World record sees petabit optical fibre

December 21, 2020 // By Nick Flaherty
World record sees petabit optical fibre
A world record transmission of 1 petabit per second in a wideband multimode optical fibre increases the current record data rate by 2.5x

Researchers from France, Japan and the US have demonstrated wideband optical transmission in fibres with more 15 modes for the first time, achieving a record data rate over 1 petabit/s for the first time.

The researchers from fibre cable supplier Prysimian in France, led by Pierre Sillard, worked with the Network System Research Institute of the National Institute of Information and Communications Technology (NICT) in Japan and Nokia Bell Labs in the US to combine highly spectral efficient wideband optical transmission with an optical fibre guiding 15 fibre modes that had a cladding diameter in agreement with the current industry standard of 0.125 mm.

This was enabled by mode multiplexers and an optical fibre that supported wideband transmission of more than 80 nm over a distance of 23 km. The study at the European ECOC conference highlights the large potential of single-core multi-mode fibres for high capacity transmission using fibre manufacturing processes similar to those used in the production of standard multi-mode fibres.

Compared to multi-core optical fibres, multi-mode fibres can support a higher spatial-signal-density and are easier to manufacture. However, using multi-mode fibres for high capacity space-division multiplexed transmission requires the use of computationally intensive digital signal processing. These requirements increase with the number of transmission modes with a challenge in supporting large number of fibre modes.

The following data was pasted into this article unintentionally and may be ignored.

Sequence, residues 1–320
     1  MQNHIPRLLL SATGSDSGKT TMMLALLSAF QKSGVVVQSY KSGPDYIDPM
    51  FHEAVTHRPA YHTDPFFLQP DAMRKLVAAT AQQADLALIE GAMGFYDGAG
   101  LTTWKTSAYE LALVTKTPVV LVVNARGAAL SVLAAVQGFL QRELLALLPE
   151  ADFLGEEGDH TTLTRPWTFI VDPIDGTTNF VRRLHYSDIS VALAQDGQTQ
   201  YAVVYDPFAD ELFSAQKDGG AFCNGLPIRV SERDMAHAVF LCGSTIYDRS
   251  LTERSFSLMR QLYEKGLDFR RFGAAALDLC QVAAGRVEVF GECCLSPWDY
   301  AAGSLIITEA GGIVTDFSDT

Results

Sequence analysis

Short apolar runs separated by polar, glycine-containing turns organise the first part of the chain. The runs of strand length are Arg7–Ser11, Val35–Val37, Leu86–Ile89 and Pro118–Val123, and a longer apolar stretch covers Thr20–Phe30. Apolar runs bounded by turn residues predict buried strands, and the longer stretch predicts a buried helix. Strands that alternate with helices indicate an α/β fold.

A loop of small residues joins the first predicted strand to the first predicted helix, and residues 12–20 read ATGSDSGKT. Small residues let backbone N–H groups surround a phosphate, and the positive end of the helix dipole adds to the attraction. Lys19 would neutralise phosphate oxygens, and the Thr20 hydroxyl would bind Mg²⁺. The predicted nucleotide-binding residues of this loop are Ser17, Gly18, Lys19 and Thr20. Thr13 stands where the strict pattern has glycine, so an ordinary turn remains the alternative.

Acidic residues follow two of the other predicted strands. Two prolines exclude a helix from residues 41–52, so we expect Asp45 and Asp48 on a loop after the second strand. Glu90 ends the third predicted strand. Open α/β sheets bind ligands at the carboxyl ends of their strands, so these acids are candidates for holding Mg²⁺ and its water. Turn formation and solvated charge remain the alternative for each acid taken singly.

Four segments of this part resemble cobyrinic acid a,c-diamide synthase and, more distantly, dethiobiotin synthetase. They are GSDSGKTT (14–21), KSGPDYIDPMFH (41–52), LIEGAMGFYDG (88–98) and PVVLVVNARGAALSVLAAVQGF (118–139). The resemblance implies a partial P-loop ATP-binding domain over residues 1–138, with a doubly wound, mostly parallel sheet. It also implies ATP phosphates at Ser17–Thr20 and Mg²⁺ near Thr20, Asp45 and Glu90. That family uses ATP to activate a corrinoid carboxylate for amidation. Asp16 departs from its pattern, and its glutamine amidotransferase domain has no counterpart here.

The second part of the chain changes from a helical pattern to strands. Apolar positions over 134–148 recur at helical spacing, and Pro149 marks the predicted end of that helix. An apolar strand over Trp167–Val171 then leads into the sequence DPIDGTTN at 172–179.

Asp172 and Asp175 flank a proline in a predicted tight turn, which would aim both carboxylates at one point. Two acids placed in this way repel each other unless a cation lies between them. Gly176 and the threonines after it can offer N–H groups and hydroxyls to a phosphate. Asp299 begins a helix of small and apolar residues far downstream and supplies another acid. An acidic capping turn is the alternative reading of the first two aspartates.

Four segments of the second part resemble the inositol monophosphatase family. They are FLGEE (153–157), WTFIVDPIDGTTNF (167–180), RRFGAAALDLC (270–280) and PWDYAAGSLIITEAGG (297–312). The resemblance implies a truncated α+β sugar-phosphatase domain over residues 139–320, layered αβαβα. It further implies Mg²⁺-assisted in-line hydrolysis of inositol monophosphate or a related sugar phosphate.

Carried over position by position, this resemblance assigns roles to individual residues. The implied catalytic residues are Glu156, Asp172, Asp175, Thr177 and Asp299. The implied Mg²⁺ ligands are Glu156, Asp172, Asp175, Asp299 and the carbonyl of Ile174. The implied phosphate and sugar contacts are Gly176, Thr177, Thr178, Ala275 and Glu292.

At NICT, a transmission experiment was designed and carried out that utilized the transmission fibre made by Prysmian and mode multiplexers developed by Bell Labs. A wideband transceiver subsystem was developed at NICT to transmit and receive several hundred highly spectral efficient WDM channels of high signal quality.

The mode multiplexers were based on a multi-plane light conversion process where the light of 15 input fibres was reflected multiple times on a phase plate to match the modes of the transmission fibre. The transmission fibre was 23 km long and had a graded-index design.

The key is that this is an industry-standard

Picture: 
The experimental setup at the National Institute of Information and Communications Technology (NICT) in Japan

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